So Shannon bathed Maggie and it was lovely. Like Alice, and like most babies, she took to it really well. It wasn’t really warm enough though so she didn’t stay in too long. And the surroundings weren’t that nice either. The real downside was that seeing and feeling her like that – naked – brought home to us again the differences between her and her sister.

This morning started off well. First of all, we were visited at home by Helen, Billy and Evie who came bearing gifts. And it was a lovely day too – bright, crisp and autumnal. We set off to the hospital a little earlier with the intention of getting back earlier due to the idiots – sorry, people – traipsing up to see the fireworks on Earlham Park and clogging up our street. The selfish twats.

All was well with Maggie when we arrived. Apparently she’d been crying a bit earlier but this was reckoned to be normal baby stuff. She’s been keeping her fortified milk down and her secretions seemed to be fewer – which meant that she’d been breathing okay. So far so good. But then the midwife informed us that they were planning to move her to Room 3 because, despite her injuries, she isn’t in need of high intensity care.

We weren’t happy about this.

After talking it over we asked to speak to the consultant on duty who told us that he thought it was right, medically, that she moved to Room 3. To which I responded that while that might be the case, we – and Shannon in particular – aren’t ready to have her move just yet. And from there it was a short step to me losing my temper.

When Alice was in NICU a few weeks ago, she too was moved into Room 3. It has certain levels of care but it’s essentially run like a day nursery. It’s not that they’re left to their own devices; they’re just less closely monitored. Which explained why Alice ended up with a very sore bum. Actually, no, that doesn’t explain why – it was that the dippy nurses in there left her sitting in her own mess for hours on end before changing her.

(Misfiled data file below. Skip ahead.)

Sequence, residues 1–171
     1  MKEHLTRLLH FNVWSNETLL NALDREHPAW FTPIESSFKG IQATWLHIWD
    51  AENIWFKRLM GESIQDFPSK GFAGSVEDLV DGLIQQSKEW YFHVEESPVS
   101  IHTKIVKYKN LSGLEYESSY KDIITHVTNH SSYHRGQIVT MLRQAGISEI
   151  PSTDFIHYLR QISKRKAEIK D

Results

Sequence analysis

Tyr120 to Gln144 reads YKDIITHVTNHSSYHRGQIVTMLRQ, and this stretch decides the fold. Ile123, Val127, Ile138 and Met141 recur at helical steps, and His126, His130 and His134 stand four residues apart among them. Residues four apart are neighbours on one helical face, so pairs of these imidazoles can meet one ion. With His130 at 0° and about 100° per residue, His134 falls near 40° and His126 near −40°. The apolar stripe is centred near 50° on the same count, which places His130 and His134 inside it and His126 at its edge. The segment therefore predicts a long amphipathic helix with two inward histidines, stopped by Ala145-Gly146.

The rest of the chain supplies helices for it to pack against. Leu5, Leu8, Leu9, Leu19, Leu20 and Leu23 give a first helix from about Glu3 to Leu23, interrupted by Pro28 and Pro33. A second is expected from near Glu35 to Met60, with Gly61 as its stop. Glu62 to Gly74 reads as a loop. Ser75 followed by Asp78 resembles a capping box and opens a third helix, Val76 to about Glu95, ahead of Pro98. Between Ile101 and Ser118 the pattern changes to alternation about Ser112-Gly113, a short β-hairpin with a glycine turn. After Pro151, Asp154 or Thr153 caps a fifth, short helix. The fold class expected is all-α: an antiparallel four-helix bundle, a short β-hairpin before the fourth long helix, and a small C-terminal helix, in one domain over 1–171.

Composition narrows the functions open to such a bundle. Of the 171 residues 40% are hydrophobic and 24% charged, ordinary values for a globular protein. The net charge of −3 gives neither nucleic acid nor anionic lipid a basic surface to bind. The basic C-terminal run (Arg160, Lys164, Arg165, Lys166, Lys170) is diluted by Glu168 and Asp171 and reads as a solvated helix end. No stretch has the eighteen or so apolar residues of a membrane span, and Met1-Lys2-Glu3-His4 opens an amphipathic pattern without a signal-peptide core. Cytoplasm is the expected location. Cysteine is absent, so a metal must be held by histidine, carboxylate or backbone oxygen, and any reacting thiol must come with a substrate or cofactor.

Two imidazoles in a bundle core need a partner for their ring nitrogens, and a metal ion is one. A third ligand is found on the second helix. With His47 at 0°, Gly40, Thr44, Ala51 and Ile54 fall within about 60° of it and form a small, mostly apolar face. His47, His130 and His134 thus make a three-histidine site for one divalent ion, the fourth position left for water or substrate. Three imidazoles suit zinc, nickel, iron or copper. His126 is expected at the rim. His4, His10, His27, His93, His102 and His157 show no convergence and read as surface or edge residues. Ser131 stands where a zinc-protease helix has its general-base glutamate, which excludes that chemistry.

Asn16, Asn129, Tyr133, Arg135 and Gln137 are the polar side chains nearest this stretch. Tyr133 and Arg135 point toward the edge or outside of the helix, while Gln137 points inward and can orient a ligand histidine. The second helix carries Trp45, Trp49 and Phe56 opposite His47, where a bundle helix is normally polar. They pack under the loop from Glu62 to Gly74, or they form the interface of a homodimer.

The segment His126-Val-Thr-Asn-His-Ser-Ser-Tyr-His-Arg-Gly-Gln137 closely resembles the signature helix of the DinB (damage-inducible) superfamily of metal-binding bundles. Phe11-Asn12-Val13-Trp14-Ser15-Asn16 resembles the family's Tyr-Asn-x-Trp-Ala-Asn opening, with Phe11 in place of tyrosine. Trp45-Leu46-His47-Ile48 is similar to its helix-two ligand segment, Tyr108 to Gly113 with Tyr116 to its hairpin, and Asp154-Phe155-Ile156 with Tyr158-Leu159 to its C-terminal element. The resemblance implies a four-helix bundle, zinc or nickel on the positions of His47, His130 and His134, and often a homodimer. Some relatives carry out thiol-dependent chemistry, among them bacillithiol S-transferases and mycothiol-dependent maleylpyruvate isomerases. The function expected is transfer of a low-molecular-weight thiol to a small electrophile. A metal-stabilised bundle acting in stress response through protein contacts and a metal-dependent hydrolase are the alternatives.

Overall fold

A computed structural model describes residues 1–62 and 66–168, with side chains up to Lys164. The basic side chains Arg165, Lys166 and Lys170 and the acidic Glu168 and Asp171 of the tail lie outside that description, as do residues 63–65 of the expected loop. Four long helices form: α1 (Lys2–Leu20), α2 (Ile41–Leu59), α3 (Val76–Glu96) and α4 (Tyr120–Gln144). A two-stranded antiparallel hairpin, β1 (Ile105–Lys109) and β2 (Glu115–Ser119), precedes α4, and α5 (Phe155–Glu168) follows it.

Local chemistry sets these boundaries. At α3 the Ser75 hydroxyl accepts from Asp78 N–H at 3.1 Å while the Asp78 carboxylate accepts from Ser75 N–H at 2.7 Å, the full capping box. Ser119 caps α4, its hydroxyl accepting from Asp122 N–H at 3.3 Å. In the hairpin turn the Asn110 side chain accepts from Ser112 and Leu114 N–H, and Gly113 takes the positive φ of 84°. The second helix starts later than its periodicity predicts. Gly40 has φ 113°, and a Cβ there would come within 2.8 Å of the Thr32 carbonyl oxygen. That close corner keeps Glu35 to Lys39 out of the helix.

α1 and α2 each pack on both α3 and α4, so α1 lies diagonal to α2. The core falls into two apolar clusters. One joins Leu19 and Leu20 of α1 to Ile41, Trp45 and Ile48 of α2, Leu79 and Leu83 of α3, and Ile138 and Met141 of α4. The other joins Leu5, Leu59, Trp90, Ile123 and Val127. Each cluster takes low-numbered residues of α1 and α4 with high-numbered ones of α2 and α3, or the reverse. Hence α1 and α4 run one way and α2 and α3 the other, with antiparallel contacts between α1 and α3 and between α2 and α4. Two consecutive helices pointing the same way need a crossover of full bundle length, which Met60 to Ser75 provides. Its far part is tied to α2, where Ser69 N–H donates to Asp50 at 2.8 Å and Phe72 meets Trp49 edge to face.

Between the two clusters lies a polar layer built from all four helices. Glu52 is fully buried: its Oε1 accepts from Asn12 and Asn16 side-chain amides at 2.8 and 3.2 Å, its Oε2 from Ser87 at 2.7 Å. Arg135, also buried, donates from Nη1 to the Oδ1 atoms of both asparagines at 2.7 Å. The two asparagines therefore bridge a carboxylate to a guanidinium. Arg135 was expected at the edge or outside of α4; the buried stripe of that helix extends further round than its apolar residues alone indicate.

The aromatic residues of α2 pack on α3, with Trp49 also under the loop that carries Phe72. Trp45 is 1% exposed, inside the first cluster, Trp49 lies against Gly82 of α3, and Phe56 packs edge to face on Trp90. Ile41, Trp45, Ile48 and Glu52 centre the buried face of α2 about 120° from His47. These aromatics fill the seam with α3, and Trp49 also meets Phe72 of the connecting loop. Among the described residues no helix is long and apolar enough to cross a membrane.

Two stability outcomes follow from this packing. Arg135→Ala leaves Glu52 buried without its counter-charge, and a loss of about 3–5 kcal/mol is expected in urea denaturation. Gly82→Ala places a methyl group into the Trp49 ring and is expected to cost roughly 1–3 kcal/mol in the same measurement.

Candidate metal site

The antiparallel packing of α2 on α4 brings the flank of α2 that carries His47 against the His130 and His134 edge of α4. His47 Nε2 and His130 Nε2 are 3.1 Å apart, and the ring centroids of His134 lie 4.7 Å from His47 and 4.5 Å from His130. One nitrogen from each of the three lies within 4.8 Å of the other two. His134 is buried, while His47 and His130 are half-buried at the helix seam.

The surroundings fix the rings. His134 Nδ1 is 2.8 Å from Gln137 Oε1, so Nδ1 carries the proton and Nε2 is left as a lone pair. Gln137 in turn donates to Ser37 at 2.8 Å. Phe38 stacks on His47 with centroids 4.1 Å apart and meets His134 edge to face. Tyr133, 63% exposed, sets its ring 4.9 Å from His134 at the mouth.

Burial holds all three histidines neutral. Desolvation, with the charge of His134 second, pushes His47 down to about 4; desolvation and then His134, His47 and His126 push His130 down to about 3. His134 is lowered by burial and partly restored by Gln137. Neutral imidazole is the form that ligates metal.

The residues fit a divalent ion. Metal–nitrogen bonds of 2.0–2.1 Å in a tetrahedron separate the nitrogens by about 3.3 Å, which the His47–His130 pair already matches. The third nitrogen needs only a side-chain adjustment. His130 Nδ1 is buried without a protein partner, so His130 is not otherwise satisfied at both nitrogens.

The point of painting a picture of this room is so you can understand, a bit, why we’re not quite ready for Maggie to go there. In an odd way, it helps us that she’s in an obviously medical environment where the care is a little higher. It helps us to believe – and hope – that there are things being done. That it’s something more than simply a case of making her comfortable.

I explained to the consultant that our objections to the move weren’t necessarily a hundred per cent rational. But I also told him that I didn’t care about that because there’s not much about our situation at the moment that is rational.

As a result of this, he invited us to talk to him in the quiet room. And during the course of this conversation he reminded us of the reality of Maggie’s situation.

Maggie is in a very, very bad way and will highly likely be very severely disabled. Severely disabled meaning quadriplegia. Of course, we were aware of that being a possibility but he told us to basically prepare for it.

He also seemed to think that she will also be mentally impaired. Something I really hoped wouldn’t be the case. I’ve had in my mind these past few weeks a daughter who, while confined to a wheelchair, had a brain, and an imagination, that allowed her to travel as far as she liked.

Naturally, we’re still in the realms of waiting and seeing. But it really doesn’t look good. In fact, it looks very bad indeed. And while of course we’re not going to give up hope, we’re going to have to resign ourselves to the reality of having a severely disabled daughter.